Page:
152,814,703
147,696,483
153,155,359
160, 670, 660
155, 055, 456
133, 657, 263
140, 722,026
147,H)74,927
156, 654,242
161,064,902
167,299,805
169, 333, 265
166,668,024
175, 394,031
170, 998,214
164,189,838
166,061,280
167,912,127
178,126,082
180,467, 310
176,677,212
174,441,972

REPORT OF THE COMPTROLLER OF THE CURRENCY.

231

SHOWN BY THEIR REPORTS FROM OCTOBER 1, 1881, TO OCTOBER 5, 1887.
TERRITORIES.
Reserve held.

Amount.
$158, 299, 042
159,000.717
150, 725. 091
154, 776, 359
151,908,107
150, 351, 513
158, 832, 406
155,131, 167
148, 836, 600
157, 72S, 089
157, 493, 584
167, 741, 690
167, 008, 072
162, 460, 064
145, 997, 562
150, 304. 733
161, 80-1, 287
175, 0:10, 558
171, 011, 833
170, 245, 483
177, 470, 804
181, 357, 249
18.1, 591, 775
181, 552, 648
188, 847, 786
186,191. 889
192, 278, 974
203. 307, 527
198, 863, 737
189, 537, 562
190, 919,164

Ratio
to liabilities.

Classification of reserve held.
Specie.

Legal
tenders.

RedempUnited States
Due
certificates of from reserve tion fund with
deposit.
agents.
Treasurer.

31.2
3u.7
29.3
29.8
28.8
27. 5
28.7
28.2
26.7
28. 1
27. 2
28. 6
29.1
28. 2
20. 8
29.2
31.1
32.6
31. 6
30. 8
31.1
31. 2
30. 4
29. 6
30. 2
29.2
29. 5
30.1
29.1
27.7
27.6

$27, 509, 821
30, 283, 767
29, 161,734
30,036,477
30, 089, 064
30, 024, 289
31, 095, 496
30, U72, 360
31,414,155
31,055,220
31,253,194
33,178, 829
33,471, 053
3(5. 352, 684
36, 407, 051
35, 238,175
34, 587, 231
38, 852, 692
40, 736, 669
40, 065, 640
41, 467, 335
42,195, 802
45,138, 994
49, 082, 209
47, 370, 313
47, 824, 967
50. 326, 819
50, 884,172
51,145, 531
48, 955, 455
50, 821, 078

$26, 473, 002
28,905,001
26, 897, 694
28,160, 627
26, 857, 620
28,318,646
31,038,111
28, 871, 031
30, 367, 252
29,053,116
30, 245, 600
32, 695, 299
29, 859, 218
30, 944,464
31, 448, 254
30,392,840
29, 943, 391
30,134,197
29, 508, 030
27, 473, 329
29, 375, 936
28, 898, 910
27, 257, 991
29, 256,191
28, 214,619
29, 672, 277
31, 879,137
30, 643, 368
32, 418, 634
30, 878, 291
32,129, 930

$620,000
595, 000
610, 000
535, 000
620, 000
610, 000
635, 000
565, 000
585, 000
575,000
585, 000
610, 000
595, 000
550, 000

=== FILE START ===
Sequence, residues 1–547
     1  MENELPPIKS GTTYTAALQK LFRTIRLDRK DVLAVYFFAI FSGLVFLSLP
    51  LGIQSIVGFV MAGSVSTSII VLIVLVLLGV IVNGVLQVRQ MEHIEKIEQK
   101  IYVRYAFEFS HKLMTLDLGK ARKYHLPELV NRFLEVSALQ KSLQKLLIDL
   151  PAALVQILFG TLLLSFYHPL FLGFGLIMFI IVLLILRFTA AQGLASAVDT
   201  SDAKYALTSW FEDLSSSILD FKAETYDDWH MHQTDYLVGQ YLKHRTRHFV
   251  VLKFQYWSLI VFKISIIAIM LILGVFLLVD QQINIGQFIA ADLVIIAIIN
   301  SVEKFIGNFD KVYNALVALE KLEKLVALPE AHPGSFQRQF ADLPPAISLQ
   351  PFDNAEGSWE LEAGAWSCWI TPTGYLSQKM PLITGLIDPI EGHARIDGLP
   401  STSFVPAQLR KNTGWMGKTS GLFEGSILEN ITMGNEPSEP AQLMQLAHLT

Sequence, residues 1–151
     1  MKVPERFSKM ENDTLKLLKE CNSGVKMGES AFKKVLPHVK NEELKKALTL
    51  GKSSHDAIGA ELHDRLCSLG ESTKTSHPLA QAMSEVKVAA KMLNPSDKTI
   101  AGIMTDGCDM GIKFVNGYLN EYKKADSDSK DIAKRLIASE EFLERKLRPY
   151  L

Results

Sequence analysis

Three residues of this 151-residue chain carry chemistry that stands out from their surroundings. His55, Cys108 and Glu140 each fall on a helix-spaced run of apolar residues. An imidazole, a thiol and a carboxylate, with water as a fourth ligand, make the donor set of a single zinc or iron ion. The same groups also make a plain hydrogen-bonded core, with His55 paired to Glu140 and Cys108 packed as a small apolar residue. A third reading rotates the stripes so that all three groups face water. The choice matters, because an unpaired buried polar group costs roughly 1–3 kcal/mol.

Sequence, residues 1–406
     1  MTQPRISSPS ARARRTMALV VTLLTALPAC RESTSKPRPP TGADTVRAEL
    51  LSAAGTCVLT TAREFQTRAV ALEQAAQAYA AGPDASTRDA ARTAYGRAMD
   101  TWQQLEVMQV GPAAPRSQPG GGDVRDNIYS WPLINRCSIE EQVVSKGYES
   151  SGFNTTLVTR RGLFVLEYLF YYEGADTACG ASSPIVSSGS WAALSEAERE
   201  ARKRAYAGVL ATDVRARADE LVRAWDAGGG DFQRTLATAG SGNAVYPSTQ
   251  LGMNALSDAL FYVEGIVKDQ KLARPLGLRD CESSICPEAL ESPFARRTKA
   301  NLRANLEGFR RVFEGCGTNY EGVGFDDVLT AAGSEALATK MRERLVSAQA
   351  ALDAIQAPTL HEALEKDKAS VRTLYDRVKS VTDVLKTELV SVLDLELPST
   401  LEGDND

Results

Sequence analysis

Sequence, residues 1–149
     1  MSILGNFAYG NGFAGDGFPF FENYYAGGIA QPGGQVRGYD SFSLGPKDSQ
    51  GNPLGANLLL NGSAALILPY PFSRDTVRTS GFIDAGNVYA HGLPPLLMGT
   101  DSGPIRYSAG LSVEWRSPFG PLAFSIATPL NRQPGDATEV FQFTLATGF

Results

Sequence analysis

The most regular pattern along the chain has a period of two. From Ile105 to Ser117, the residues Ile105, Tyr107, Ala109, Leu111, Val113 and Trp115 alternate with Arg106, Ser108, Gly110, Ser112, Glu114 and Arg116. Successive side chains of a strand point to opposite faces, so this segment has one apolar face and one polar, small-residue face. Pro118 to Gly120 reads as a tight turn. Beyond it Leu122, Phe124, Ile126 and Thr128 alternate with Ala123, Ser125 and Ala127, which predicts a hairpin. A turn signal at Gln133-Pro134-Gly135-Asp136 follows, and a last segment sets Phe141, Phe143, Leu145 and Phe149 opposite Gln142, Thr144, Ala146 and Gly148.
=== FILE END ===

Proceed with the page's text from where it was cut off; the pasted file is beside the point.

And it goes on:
575, 000
500, 000
565, 000
663, 000
635, 000
635, 000
500, 000
530, 000
475, 000
465, 000
460, 000
460, 000
500, 000
555, 000
545, 000
470, 000
475, 000

$92, 335, 036
87, 745, 656
82, 599, 924
84, 721, 969
83, 221, 970
80, 064,196
84, 783, 917
84,431,394
75, 216, 795
65, 825. 601
84,119, 738
88, 057,473
92, 207, 704
83, 664, 761
60, 843, 814
79, 652,119
80, 489,195
95, 289, 830
89, 991, 054
92, 008, 593
95, 954, 541
99, 687, 965
98, 901, 439
93, 459, 713
103,612,532
99, 493, 068
101,746,037
113, 943, 928
107, 857, 035
102, 597, 807
100, 879, 879

$11, 361,183
11, 531,293
11,455,739
11, 322, 286
11,119,453
11,334,382
11,279,882
11,191,382
11,253,404
11,219,153
11, 290, 052
11, 200, 089
10,815, 097
10, 954,1.55
10, 723, 443
10, 521, 599
10, 279,470
1(>, 088, 839
10,141, 074
10, 002, 921
10,172, 992
10,044,572
9, 818, 351
9, 289, 535
9,160,322
8, 741, 577
7, 826, 981
7, 281, 059
6, 897, 537
6, 636, 009
6, 613, 271

1
2
3
4
5
G
7
8
9
10
11
12
13
14
15
16
17
18
19
20
21
22
23
24
25
26
27
28
29
30
31

27.0
28.0
28.0
29. 2
27.8
26.8
28.7
26.6
27.5
30.2
?9. 0
29. 7
30. 9
28. 9
30. 0
33. 7
35.4
37.7
38.4
38. 3
35.1
32 4
32.1
31. 0
28.6
28. 7
29.9
30.1
29.5
29.2
29.1

85,162, 735
82, 253, 632
79, 620, 297
81,177, 310
80, 751,158
72, 883, 489
75, 331, 663
67, 89< > 006
,
72, 19'*, 111
84, 299,176
76, 564, 789
81, 097, 329
88, 609, 073
78, 392, 023
73, 254, 631
93, 371, 299
105,159, 848
128, 263,181
136, 678, 750
137, 546, 852
133, 405, 237
123,158,550
126, 476, 925
108, 377, 660
101, 630,179
108, 562, 730
116, 656, 737
120, 794, 734
116,170,136
116,148,755
114, 264, 376

26, 677, C02
31,188,493
29, 725, 298
37, 797, 247
37,153,139
34, 994, 871
37, 4 H), 310
31, 977, 037
37, 889, 216
44, 779, 342
40,437, 397
47,864,497
45, 987, 877
46, 768,164
45,468, 958
46, 651, 819
46, 426,164
40, 883,125
47, 828, 963
52,228, 023
40, 362,183
38, 686, 556
39, 756, 895
50,400, 597
35, 825,132
33,140,045
35, 860, 691
35, 584, 700
47,176,454
43,599,051
41, 621,319

6,120, 000
7, 335, 000
8, 83% 000
9, 850, 000
10, 425, 000
8, 035, 000
7, 840, 000
7, 840, 000
7, 835, 00;»
10,070,000
9, 375, 000
10, 230, 000
13, 450, 000
11,440, 000
9, 295, 000
13, 700, 0u0
18, 475, 000
22, 095, 000
18, 500, 000
2.', 285, 000
18, 300, 000
11, 235, 000
11, 955, 000
11, 385, 000
7. 655, 000
5, 395, 000
5, 695,000
7, 090, 000
7, 480, 000
7, 340, 000
5, 715, 000

40,633,147
35,784, 810
34, 852, 796
39, 467, 976
35, 233, 042
33, 213, 032
37, 282,190
36, 592, 761
34, 090, 027
40, 821, 353
40, 798, 990
38, 94% 133